How diet can affect bone health

The main stream definition of osteoporosis portrays bones as static structures, indicating that when bone deteriorates there is nothing that you can do to reverse or stop it except take medicines to correct the problem.

However, there is no miracle drug without side effects and infact bone loss or osteoporosis, can be prevented or even reversed, it is not inevitable.

We tend to think of our skeleton as an inert structure that holds us up, but in reality it is as energised as the rest of the body tissues. It repairs itself and constantly renews itself.

Osteoporosis is diagnosed by a Dexa (Dual Energy X-ray absorptiometry) test that measures the bone mineral content of the spine, hip and other parts of the body. The ‘norm’ is taken from the results of bone mineral density tests of a reference group of young girls between the ages of 20 and 30, so it is not really surprising that many middle aged women and men do not have a normal test result!

Osteoporosis is more common in women but men do suffer as well, the causes for men being age related, low testosterone levels, corticosteroid drugs and alcohol.

Our bones are constantly rebuilding throughout our lives and 10% of all bone tissue may be replaced in a year. The process starts with bone loss or ‘resorption’ and is followed by ‘deposition’ or bone formation.

Resorption is carried out by bone cells called osteoclasts that go around collecting old bone for removal leaving small serrated spaces. These then trigger the osteoblasts to deposit new bone. Our conventional treatment involves Biphosphonate drugs such as Fosamax that stop the activity of the osteoclasts and therefore interfere with normal bone remodelling. The bones become denser but more brittle and are more prone to fracture!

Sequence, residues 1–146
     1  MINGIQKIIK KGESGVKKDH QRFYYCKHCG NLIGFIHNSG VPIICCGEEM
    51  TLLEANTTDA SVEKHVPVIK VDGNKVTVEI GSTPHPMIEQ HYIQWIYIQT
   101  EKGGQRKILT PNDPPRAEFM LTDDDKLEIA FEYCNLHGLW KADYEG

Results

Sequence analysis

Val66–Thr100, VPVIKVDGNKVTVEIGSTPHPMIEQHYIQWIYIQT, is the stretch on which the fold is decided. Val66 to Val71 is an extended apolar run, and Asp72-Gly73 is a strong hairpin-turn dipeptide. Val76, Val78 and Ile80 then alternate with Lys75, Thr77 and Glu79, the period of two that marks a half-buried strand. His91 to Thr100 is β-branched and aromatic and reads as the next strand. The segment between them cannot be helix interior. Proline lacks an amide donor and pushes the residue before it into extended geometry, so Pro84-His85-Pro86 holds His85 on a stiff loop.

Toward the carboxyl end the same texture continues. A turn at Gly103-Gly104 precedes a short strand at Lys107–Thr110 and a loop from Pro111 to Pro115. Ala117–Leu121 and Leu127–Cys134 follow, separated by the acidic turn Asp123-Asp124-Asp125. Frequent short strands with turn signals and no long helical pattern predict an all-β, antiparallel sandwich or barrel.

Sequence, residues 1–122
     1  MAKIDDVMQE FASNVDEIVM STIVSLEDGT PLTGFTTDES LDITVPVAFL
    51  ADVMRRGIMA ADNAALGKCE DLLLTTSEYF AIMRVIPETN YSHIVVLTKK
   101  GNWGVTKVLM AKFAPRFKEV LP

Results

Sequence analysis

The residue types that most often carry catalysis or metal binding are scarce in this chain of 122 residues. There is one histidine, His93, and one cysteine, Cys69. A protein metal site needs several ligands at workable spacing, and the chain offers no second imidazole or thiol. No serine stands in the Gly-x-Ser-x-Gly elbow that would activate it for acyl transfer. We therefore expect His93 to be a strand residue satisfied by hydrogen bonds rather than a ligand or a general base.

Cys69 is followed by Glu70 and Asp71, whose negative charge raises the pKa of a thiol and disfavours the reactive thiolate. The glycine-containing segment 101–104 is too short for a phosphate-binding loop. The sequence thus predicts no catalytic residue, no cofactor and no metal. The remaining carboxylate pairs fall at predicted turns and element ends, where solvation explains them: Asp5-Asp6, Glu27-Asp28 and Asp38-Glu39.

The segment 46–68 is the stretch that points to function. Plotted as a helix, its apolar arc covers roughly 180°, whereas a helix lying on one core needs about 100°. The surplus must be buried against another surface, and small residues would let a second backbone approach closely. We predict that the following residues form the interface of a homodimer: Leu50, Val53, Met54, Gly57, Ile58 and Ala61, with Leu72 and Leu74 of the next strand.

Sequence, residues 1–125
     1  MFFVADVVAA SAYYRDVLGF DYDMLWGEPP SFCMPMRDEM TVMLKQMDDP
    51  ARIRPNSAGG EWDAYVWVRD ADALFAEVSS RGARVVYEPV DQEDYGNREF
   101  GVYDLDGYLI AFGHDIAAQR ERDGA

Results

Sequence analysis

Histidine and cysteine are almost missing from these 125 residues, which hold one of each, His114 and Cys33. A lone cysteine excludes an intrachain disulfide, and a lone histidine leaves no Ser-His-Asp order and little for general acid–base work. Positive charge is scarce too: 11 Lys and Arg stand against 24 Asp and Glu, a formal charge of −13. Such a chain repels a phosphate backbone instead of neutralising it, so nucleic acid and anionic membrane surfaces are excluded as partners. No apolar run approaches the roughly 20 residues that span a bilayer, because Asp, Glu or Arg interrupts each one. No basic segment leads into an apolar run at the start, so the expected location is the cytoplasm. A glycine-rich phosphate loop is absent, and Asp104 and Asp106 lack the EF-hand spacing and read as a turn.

So what really causes osteoporosis, and why is it so much more prevalent in this day and age?

The body functions best when it is given all the correct nutrients it needs. Take the analogy of a car. To function at its optimum it requires the correct fuel, otherwise it will not run and it will break down.

The body’s main concern is of survival and so it will always keep the body alive with a huge built in back up system, before it starts to attempt to solve the problems.

The diet we eat plays a big part in bone health and unfortunately our western diet is not good because it is very acidic. The body is designed to function at a pH between 7.35 and 7.45 and it will do anything it can to maintain that pH. Firstly it will use the alkaline end products of the foods that we eat, the ‘ash’, but if there are not enough of them it turns to the calcium in our bones which is a great acid neutraliser.

Acid forming foods contain chloride, phosphorous, sulphates, and other organic acids, and include milk and milk products, animal protein, grains, processed foods, fizzy drinks especially coca cola, tea and coffee, prescription drugs and artificial sweeteners.

Alkaline foods on the other hand contain sodium, calcium, potassium and magnesium and include fruits and vegetables.